Ants make efficient excavators- Times Of Nation
Soil is a ubiquitous example of a jammed system. Individual grains exert forces on their neighbors, and the resulting force network supports a stable, solid-like material. The stability of such disordered collections of grains is difficult to model, though. Even in a simplification of the complex material, each grain has far-reaching effects. Removing one particle could cause the whole network to fall apart, but existing models can’t predict which one.
Still, ants successfully build tunnels by excavating grains of soil one by one. They consistently select grains without destabilizing the surrounding soil and collapsing the entire structure. Now a study from Robert Buarque de Macedo and colleagues at Caltech, with collaborators at Grenoble Alpes University in France and Kansas State University, sheds light on the ants’ success.
The researchers used three-dimensional x-ray computed tomographic imaging to track tunnel building in an approximately 500 mL soil volume. The ants removed about 100 grains during the 10 minutes between each scan. Computer re-creations of the scans showed that the ants tended to dig in piecewise linear segments, each with a near-constant angle with respect to the ground. They also preferred removing 1–2 mm grains, comparable to their jaw size.
To understand the excavation’s stability, the researchers used the individual particle shapes and positions as inputs in a discrete-element simulation that reproduced the force network running through the jammed grains. The scan resolution, about 70 µm, enabled reconstruction of the shapes and locations of each of the millimeter-scale soil grains.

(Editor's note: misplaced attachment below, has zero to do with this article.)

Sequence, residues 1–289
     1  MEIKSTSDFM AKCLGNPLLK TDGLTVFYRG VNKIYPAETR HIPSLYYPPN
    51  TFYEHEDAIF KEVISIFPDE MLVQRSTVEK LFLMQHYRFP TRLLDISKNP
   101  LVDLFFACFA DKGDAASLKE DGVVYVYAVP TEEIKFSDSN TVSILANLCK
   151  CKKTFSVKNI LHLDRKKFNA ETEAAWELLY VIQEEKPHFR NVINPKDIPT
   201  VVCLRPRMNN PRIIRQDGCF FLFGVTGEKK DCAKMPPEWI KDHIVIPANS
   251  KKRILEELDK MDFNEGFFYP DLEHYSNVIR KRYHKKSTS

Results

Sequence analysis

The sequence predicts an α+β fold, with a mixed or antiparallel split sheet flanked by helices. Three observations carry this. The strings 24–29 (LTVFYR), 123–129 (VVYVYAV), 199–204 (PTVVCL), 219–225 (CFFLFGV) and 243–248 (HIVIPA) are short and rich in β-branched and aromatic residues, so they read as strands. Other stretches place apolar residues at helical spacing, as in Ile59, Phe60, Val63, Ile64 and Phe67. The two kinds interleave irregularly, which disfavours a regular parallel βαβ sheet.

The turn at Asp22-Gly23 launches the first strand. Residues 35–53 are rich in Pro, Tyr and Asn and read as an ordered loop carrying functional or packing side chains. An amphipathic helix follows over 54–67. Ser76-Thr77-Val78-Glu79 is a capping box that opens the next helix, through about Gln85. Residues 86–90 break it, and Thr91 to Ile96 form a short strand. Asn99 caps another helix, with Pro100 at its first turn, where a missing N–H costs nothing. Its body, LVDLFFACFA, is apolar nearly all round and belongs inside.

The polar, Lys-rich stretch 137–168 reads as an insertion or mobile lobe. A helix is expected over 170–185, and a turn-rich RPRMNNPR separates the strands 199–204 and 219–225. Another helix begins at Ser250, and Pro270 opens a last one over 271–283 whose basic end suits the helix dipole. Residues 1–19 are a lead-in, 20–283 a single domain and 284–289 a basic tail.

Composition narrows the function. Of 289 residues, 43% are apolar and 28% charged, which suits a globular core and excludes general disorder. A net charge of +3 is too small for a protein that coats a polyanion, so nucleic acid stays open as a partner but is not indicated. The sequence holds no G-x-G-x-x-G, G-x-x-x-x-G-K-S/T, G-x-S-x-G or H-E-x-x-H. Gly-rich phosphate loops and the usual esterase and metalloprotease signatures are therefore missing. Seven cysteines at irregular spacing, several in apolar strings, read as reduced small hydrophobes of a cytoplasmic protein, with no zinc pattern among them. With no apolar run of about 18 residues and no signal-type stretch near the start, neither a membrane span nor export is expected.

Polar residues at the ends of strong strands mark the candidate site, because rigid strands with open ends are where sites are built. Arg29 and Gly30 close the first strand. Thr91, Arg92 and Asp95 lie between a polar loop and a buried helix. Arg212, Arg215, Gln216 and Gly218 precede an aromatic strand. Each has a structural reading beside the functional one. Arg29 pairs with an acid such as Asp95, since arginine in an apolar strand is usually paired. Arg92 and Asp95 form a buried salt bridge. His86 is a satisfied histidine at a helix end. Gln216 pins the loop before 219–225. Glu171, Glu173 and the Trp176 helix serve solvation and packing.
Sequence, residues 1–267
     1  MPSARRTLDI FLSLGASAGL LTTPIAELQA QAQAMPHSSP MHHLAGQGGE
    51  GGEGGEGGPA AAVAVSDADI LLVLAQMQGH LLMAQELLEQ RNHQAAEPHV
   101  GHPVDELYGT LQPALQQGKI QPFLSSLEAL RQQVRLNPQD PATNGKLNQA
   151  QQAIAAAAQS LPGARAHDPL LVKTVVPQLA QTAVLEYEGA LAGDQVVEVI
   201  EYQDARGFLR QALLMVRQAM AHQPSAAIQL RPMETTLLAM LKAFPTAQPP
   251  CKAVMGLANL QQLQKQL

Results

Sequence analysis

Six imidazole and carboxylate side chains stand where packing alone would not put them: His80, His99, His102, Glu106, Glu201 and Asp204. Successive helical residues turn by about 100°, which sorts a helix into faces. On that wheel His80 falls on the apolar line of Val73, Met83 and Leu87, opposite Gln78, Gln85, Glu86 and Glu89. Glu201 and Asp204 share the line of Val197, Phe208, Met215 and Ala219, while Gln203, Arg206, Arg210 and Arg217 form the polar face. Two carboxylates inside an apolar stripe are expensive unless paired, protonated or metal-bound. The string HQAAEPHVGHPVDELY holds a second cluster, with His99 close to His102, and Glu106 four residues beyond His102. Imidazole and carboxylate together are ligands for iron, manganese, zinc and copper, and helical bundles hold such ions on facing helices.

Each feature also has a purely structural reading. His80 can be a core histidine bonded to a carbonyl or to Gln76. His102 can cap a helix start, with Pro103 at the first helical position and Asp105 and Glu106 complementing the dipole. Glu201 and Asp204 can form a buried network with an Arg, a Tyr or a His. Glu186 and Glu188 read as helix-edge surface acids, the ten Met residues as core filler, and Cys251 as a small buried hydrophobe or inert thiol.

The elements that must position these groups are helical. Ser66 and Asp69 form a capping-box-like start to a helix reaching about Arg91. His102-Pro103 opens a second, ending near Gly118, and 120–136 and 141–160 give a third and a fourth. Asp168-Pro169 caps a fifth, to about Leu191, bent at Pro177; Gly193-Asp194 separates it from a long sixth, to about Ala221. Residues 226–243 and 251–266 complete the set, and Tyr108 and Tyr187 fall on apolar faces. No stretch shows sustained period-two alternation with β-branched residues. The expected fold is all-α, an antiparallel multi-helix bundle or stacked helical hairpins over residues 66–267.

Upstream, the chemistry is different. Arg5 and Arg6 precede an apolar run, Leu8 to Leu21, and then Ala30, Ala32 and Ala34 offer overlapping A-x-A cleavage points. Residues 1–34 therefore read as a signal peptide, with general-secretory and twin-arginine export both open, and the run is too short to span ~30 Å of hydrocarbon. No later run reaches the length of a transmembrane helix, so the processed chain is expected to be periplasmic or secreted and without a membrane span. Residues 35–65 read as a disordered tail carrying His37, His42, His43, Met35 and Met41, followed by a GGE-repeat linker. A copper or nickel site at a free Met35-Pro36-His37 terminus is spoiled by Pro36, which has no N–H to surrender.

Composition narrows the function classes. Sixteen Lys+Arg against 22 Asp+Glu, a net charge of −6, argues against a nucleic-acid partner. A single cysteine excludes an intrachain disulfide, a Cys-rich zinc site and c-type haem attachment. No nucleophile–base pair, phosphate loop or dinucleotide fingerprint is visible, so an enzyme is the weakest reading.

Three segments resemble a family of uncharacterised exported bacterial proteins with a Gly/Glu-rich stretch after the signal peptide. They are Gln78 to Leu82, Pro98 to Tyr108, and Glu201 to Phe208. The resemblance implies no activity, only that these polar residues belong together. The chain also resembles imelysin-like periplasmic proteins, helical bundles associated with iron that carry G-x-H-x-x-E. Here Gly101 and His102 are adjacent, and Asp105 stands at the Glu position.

The simulations showed that the ants benefitted from soil arching—the redistribution of stress to stationary material when another area yields. The arching manifests as force chains in the soil’s bulk that wrap around the tunnel axis. An example is shown in the figure.
The soil arching reduced interparticle forces at the surface of the tunnel, making it easier for the ants to remove the grains. It also saved each ant from the fraught decision of which particle to remove- If none of the surface grains support large forces, then they can safely be removed without collapsing the tunnel. (R. Buarque de Macedo et al., Proc. Natl. Acad. Sci. USA 118, e2102267118, 2021.)
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